by P. Parameswaran Wed Oct 4, 9:41 AM ET
WASHINGTON (AFP) - The United States, China and India are moving to assert control over the sea lanes through which they receive critical energy supplies amid fears in Beijing of a US blockade of the Malacca Strait in the event of a crisis over Taiwan, experts said.
The United States at present has vast control over the major so-called "choke points" on the world's sea lanes, said experts at a recent forum in Washington.
Almost all of China's energy imports are obtained through sea and it is worried the United States could hold its oil supply hostage.
Beijing is also concerned over its gradually weakening position in the Indian Ocean as New Delhi develops new generations of weapons systems with US support.
Moreover, China's naval modernization has focused largely on preparing for possible armed conflict over Taiwan than defending its very long sea lanes, experts said.
While it may be difficult for the US navy to interrupt China's sea lanes, "these appear vulnerable" in the eyes of the Chinese military, said Bernard Cole of the US National War College.
He said China's energy routes were most vulnerable not on the high seas, but at transit points through several narrow straits.
They include Hormuz at the mouth of the Persian Gulf, the 9-Degree Channel in the Northern Indian ocean, Malacca and Luzon straits in Southeast Asia, and the Taiwan Strait, a possible battleground between China and the United States.
"The most likely tactic for the United States to employ would be a blockade of Chinese oil port terminals, or of these choke points," Cole said.
But should the United States attempt to interrupt the sea lanes, "it would almost certainly mean directly attacking China, directly attacking other nations, interfering with the peacetime passage of third-country tankers at sea, or all of the above," he warned.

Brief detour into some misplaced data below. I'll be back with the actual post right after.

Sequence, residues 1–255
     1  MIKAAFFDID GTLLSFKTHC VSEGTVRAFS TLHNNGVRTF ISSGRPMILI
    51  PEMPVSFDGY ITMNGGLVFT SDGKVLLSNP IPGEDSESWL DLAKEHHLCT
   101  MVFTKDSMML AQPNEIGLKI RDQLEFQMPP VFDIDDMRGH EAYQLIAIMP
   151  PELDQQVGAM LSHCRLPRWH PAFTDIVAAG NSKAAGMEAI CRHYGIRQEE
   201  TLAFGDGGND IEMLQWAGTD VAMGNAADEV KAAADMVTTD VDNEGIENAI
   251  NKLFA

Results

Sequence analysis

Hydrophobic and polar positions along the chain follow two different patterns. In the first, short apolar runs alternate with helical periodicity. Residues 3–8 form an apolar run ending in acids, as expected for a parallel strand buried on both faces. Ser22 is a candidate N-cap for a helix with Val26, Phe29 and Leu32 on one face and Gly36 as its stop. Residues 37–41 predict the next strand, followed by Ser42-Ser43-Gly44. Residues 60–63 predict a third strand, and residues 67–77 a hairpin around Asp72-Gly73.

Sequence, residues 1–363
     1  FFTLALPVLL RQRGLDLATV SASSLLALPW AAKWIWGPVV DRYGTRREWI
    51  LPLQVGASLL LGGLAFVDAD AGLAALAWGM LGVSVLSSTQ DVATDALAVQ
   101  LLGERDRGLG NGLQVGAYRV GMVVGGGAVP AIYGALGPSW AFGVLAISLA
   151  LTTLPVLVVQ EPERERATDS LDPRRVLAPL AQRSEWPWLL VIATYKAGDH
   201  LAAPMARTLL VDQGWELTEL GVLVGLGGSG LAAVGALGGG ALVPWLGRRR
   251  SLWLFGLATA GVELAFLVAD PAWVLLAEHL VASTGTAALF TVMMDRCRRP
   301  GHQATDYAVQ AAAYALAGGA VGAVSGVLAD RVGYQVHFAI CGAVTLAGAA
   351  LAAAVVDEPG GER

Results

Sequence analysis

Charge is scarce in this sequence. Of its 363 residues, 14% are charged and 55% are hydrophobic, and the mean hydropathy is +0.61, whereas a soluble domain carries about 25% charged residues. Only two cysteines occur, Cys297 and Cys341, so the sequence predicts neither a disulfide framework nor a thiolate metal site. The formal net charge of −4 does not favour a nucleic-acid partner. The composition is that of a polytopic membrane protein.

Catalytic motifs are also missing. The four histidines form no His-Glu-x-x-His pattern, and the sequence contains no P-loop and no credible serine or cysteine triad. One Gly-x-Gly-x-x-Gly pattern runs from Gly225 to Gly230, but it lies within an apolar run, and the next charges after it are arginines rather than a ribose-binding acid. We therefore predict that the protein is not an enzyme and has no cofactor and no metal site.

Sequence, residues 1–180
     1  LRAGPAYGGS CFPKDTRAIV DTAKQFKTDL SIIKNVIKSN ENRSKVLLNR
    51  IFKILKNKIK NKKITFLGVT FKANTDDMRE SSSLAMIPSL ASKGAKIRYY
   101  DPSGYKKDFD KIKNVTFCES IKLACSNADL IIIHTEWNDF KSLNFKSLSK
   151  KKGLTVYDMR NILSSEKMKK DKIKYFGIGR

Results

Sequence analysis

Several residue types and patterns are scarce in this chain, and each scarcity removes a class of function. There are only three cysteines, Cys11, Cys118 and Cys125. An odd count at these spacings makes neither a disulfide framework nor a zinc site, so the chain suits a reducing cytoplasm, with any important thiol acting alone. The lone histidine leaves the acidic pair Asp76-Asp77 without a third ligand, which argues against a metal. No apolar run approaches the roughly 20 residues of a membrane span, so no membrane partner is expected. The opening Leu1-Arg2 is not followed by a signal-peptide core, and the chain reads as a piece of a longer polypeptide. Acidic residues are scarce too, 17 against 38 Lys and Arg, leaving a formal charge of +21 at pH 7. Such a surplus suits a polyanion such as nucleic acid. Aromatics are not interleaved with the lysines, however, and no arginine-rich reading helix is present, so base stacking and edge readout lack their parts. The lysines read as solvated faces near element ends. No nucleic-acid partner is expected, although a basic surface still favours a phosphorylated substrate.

Chinese strategists have expressed fear in recent reports that in the event of a crisis between Washington and Beijing over Taiwan, the United States could blockade the Malacca Strait and hold 80 percent of Chinese energy imports hostage.
As evidence of such a scenario, they pointed to Washington's so called regional maritime security initiative in the Malacca Strait as a first step by the US military to "garrison the Strait" under the guise of "counter-terrorist measures."
Beijing regards Taiwan as a renegade province awaiting reunification but any attack on the island could see a response from the United States, which is bound by law to help defend Taipei.
"A focus of Chinese concern has been on the security -- or, more properly, the insecurity -- of the sea lines of communication upon which almost all of China's energy imports travel," said Daniel Blumenthal, a former senior
Pentagon official eyeing China's growing military might.
China's strategists, he said, were aware Beijing did not exercise naval superiority through the seas linking its ports to the major oil producers in the Middle East.
They also know that China was dependent upon the United States and other major powers on ensuring the safe flow of its energy imports, he said.
"If China truly does not trust the US and its allies to provide for the security of the SLOCs (sea lines of communication) and is too suspicious to join in common efforts over the long term, it must develop the military capabilities to challenge them," Blumenthal said.
Some Western experts believe China is attempting to develop naval capabilities that would allow it to provide security for its oil shipments and project power into the Indian and Pacific oceans.
The Pentagon has identified a so-called Chinese "string of pearls" strategy in which a network of bases along sea lanes is being set up.
While pursuing this, China is suspicious the United States would use India, with its powerful navy, as a potential balancing force against it.
The two democratic allies are already carrying out joint anti-terror patrols along the Malacca Strait, straddling Malaysia, Indonesia and Singapore.
"The strategic consequences of India¬s growing naval power are clear. Every additional barrel of oil that China imports leaves Beijing more vulnerable to a disruption of the sea lanes," said Christopher Griffin of the American Enterprise Institute, a Washington based think tank.
"If Delhi's naval modernization effort turns the Indian Ocean into India's ocean, the risk for Beijing may grow unacceptable," he said.